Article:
Code:
    vector <card> hands;

  8. #8
    C++まいる!Cをこわせ! Elysia's Avatar
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    That's how it's done.
    You can remove items using .erase() and .pop_back() if you don't need them anymore.
    Quote Originally Posted by Adak View Post
    io.h certainly IS included in some modern compilers. It is no longer part of the standard for C, but it is nevertheless, included in the very latest Pelles C versions.
    Quote Originally Posted by Salem View Post
    You mean it's included as a crutch to help ancient programmers limp along without them having to relearn too much.

    Outside of your DOS world, your header file is meaningless.

  9. #9
    and the hat of wrongness Salem's Avatar
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    > i do plan to use vectors soon but it means more code(i think) and i wanted to get the program running smoothly first so that when i do change it to vector's
    Start with vectors for safety, convenience and comfort.

    Then only switch to arrays if you REALLY need the speed, though to be honest I don't think there is an awful lot in it with a good compiler.

    Days spent looking for a bug which will only save you a few microseconds of machine time is not an ideal payoff.

    > but here is my agenda for this game so far.
    Whereas I would tackle them in exactly the reverse order!
    2 will be a hell of a lot easier if 3 and 4 are done first.

    Style wise, I would switch from using hard tabs to 4 spaces. As you may have noticed, this forum takes a tab rather too keenly, and before you know it the code is off to the right. If you ever mix spaces and tabs, it can rapidly look a mess everywhere except your editor (fine for you maybe, but no-one else will want to read it).

    Spaces on the other hand are identical and universal. Only the most brain-damaged tools fail to deal with spaces properly. Any decent IDE will auto-indent with the correct number of spaces in place of the correct number of tabs, if configured to do so.
    If you dance barefoot on the broken glass of undefined behaviour, you've got to expect the occasional cut.
    If at first you don't succeed, try writing your phone number on the exam paper.
    I support http://www.ukip.org/ as the first necessary step to a free Europe.

  10. #10
    C++まいる!Cをこわせ! Elysia's Avatar
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    I think tabs vs spaces hardly matters.
    Yes, they are unfortunately a little wider on the boards, but I hardly think that qualifies for a reason to dump your current style.
    Quote Originally Posted by Adak View Post
    io.h certainly IS included in some modern compilers. It is no longer part of the standard for C, but it is nevertheless, included in the very latest Pelles C versions.
    Quote Originally Posted by Salem View Post
    You mean it's included as a crutch to help ancient programmers limp along without them having to relearn too much.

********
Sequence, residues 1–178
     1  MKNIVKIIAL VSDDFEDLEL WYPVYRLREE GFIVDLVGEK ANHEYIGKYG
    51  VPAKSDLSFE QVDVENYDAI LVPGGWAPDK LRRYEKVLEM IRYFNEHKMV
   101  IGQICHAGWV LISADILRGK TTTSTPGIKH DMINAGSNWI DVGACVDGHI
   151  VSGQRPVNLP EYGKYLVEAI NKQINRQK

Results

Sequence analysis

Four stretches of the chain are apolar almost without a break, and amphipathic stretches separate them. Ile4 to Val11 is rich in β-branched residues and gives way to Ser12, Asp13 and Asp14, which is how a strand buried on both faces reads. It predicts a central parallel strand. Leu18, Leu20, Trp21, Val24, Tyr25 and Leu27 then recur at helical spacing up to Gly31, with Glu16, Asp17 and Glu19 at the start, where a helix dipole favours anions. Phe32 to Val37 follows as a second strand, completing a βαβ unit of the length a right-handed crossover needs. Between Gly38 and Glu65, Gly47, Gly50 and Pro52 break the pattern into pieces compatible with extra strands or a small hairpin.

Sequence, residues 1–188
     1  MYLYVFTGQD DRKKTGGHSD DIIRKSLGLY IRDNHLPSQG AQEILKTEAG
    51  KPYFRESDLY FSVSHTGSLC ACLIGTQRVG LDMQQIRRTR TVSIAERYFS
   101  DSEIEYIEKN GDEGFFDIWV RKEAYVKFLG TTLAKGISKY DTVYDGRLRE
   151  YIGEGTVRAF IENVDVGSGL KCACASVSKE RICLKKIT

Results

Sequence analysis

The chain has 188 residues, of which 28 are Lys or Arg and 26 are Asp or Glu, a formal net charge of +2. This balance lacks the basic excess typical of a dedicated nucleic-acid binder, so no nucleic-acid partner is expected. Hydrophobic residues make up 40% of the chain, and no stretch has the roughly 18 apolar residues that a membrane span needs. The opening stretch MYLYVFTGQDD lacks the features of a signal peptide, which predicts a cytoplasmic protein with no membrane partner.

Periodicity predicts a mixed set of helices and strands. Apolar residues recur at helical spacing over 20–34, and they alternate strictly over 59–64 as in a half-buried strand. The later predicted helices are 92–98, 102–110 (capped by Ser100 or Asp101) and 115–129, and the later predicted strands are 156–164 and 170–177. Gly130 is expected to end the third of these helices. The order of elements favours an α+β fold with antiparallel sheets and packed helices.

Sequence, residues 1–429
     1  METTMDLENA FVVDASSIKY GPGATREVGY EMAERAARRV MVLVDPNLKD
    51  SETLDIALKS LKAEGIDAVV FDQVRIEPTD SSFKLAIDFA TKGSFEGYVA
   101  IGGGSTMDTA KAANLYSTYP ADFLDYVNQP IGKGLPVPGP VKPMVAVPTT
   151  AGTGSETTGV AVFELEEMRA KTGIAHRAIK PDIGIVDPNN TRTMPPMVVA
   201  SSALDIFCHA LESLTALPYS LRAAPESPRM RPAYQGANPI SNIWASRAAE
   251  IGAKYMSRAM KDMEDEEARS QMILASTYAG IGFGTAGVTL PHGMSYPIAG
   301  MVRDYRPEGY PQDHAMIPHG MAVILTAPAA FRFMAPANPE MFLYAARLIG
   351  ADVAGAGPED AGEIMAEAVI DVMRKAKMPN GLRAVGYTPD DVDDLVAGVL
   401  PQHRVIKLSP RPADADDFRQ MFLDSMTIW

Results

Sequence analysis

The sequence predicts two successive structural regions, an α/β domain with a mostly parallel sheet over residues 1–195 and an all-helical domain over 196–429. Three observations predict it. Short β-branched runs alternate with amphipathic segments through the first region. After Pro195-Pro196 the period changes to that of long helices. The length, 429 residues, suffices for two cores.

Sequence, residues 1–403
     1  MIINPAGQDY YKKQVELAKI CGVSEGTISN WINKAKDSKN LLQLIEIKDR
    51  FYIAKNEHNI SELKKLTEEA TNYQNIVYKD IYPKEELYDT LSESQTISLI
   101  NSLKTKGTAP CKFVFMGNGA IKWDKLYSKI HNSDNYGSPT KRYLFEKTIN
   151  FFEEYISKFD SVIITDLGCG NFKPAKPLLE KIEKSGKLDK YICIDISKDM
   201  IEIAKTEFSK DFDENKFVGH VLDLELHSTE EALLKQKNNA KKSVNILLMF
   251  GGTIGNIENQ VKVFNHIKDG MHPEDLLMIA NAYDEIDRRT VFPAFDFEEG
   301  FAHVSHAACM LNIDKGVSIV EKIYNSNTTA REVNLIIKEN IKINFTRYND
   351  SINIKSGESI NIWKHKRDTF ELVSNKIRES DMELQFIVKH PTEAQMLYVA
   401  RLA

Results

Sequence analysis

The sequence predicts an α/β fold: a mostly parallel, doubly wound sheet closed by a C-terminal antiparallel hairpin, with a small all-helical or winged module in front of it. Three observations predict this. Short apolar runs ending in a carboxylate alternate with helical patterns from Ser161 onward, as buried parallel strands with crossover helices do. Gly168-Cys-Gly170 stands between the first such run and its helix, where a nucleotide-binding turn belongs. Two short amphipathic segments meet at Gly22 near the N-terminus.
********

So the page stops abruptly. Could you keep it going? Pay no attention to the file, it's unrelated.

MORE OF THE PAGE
Outside of your DOS world, your header file is meaningless.

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    oh super ill take all your advice into account and see how i do im gonna take a detour(testvector.cpp)
    then ill rename all variables to something similar to
    Code:
     int nMyInt;
    double dMyDouble;
    oh and how should i name classes and members that i make?

    and untab all the code and use spaces instead
    then im gonna recode most of my program keeping the parts which i can but using less functions and more vector's (currently over 25 functions for a simple blackjack game lol)
    and now i wonder why i didnt learn to use vectors in the first place i kinda been avoiding them as well as avoiding pointers .
    i will search the web now and look into how to use vectors and ill stick it until i understand them alot better

  12. #12
    C++まいる!Cをこわせ! Elysia's Avatar
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    Quote Originally Posted by thestien View Post
    and untab all the code and use spaces instead
    No need to, really. If you like tabs, then there's no reason to undo them just because of the board.
    It's a matter of style and neither is "right," it's your own preference.
    Quote Originally Posted by Adak View Post
    io.h certainly IS included in some modern compilers. It is no longer part of the standard for C, but it is nevertheless, included in the very latest Pelles C versions.
    Quote Originally Posted by Salem View Post
    You mean it's included as a crutch to help ancient programmers limp along without them having to relearn too much.

    Outside of your DOS world, your header file is meaningless.

  13. #13
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    well if im honest i dont tab them over when i type and press enter after some things it just auto tabs it over so i think its been lazyness on my part but if 4 spaces looks neater then ill try to use that because you guys help me so much i dont want to make it a chore to be able to read my code

  14. #14
    C++まいる!Cをこわせ! Elysia's Avatar
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    It's no chore, really. I always use tabs myself.
    Visual Studio and other IDEs auto-indent when typing code (which is nice!).
    I'm not sure how to change settings to make it use spaces, though.
    Quote Originally Posted by Adak View Post
    io.h certainly IS included in some modern compilers. It is no longer part of the standard for C, but it is nevertheless, included in the very latest Pelles C versions.
    Quote Originally Posted by Salem View Post
    You mean it's included as a crutch to help ancient programmers limp along without them having to relearn too much.

    Outside of your DOS world, your header file is meaningless.

  15. #15
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    The function 'push_back()' does not guarantee that all its elements are put close to each other in the memory. With a few ints or doubles it doesn't matter, but consider the following pseudo-code:

    Code:
    double aDouble;
    std::vector<double aVector;
    std::vector<std::vector<double> > aTable;
    for all i { aVector.push_back( aDouble) };
    for all j { aTable.push_back( aVector)};
    This is really inefficient for a large spectrum of i,j . Instead, consider the following:

    Code:
    double aDouble;
    std::vector<double aVector( its_size);
    std::vector<std::vector<double> > aTable ( its_size);
    for all i { aVector.at( i) = aDouble };
    for all j { aTable.at( i) = aVector};
    Visual Studio and other IDEs auto-indent when typing code
    I have never ever seen a more horrible editor than the one in Visual Studio. Try emacs instead....